"It's a great breakthrough for all of us working on stem cells for muscular dystrophy," said researcher Johnny Huard of the University of Pittsburgh, who wasn't involved in the work.
Sharon Hesterlee, vice president of translational research at the Muscular Dystrophy Association, called the result one of the most exciting she's seen in her eight years with the organization. Her organization helped pay for the work.
She stressed that it's not yet clear whether such a treatment would work in people, but said she had "cautious optimism" about it.
Two dogs that were severely disabled by the disease were able to walk faster and even jump after the treatments.
The study was published online Wednesday by the journal Nature. It used stem cells taken from the affected dogs or other dogs, rather than from embryos. For human use, the idea of using such "adult" stem cells from humans would avoid the controversial method of destroying human embryos to obtain stem cells.
The Nature paper focuses on Duchenne muscular dystrophy, a muscle-wasting genetic disorder that affects only boys and occurs in about 1 in every 3,500 male births. It's the most severe and most common childhood form of muscular dystrophy and the best-known. In theory, the stem cell treatment might also help other muscle dystrophies or even age-related muscle wasting, Hesterlee said.
Boys with Duchenne dystrophy have trouble walking as early as preschool, and nearly all of them lose their ability to walk between ages 7 and 12. Typically, they die in their 20s because of weakness in their heart and lung muscles. There is no known cure.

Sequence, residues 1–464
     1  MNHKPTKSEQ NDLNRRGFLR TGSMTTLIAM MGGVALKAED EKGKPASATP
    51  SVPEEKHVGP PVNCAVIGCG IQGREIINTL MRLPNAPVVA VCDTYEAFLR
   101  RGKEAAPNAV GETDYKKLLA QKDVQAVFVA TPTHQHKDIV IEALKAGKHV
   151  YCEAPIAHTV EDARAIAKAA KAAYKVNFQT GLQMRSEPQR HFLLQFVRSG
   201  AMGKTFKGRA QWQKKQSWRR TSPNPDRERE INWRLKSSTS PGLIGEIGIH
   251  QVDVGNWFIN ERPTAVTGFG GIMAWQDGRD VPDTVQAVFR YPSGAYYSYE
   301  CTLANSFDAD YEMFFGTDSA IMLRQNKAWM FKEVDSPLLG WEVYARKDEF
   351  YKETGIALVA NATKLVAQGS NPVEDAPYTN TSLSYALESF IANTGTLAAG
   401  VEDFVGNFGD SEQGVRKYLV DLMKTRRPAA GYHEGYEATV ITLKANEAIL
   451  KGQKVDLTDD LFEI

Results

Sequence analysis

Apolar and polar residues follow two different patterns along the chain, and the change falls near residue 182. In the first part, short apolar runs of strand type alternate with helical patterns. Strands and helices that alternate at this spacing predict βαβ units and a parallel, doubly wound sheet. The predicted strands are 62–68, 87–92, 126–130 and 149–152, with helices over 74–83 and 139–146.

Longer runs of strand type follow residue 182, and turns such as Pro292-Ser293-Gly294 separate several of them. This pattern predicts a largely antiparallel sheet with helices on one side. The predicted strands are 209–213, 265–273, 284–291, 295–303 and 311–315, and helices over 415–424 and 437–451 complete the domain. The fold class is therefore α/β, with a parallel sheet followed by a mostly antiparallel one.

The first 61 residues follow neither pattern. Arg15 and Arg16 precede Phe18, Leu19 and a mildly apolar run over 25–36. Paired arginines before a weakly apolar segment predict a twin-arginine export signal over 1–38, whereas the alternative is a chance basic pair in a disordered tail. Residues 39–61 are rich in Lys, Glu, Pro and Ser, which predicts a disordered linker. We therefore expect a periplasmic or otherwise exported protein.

The dog study was done by Giulio Cossu, director of the Stem Cell Research Institute at the San Raffaele Scientific Institute of Milan in Italy, with colleagues there and elsewhere.
"We do not know whether this will work in patients," Cossu said in a telephone interview. He said he hopes to start a small experiment in children in the next year or two.
The scientists worked with golden retrievers that suffer a crippling form of dystrophy very much like the human one. Researchers studied the effect of repeated injections into the bloodstream of a kind of stem cell extracted from blood vessel walls.
The best results appeared when the cells were taken from healthy dogs. But Cossu said scientists should pursue the possibility of genetically manipulating a patient's own cells and using them instead. That way, patients wouldn't have to undergo lifelong treatment to avoid rejection of donated cells.
In one of several experiments, three dogs that had not yet shown impairment in walking were injected five times, a month apart, with cells taken from other dogs.
One dog completely avoided symptoms and continued to walk well even five months after both the injections and the anti-rejection therapy were stopped.
A second dog also did well initially but died suddenly of a heart problem after just two months on the treatment. It's not clear whether the problem had anything to do with the treatment, or whether the initial good result would have continued, Cossu said.
The third dog showed partial protection, being able to walk and even run with a limp, but then progressively lost walking ability within a few days after the anti-rejection treatment was stopped.
The researchers also treated two dogs that were severely impaired by the disease. Both gained the ability to move much faster and to jump, and one was even able to run, although neither could use the hind legs normally.
One of these dogs rapidly lost walking ability when the anti-rejection treatment was stopped, but the other continued to walk well for five months until succumbing to pneumonia. That's a common fate for dogs with the genetic condition because of weakness in breathing muscles.
Cossu said he believed that a human treatment could be directed more at breathing muscles than it was in the dogs.
The cells helped strengthen muscle by fusing with regenerating muscle fibers.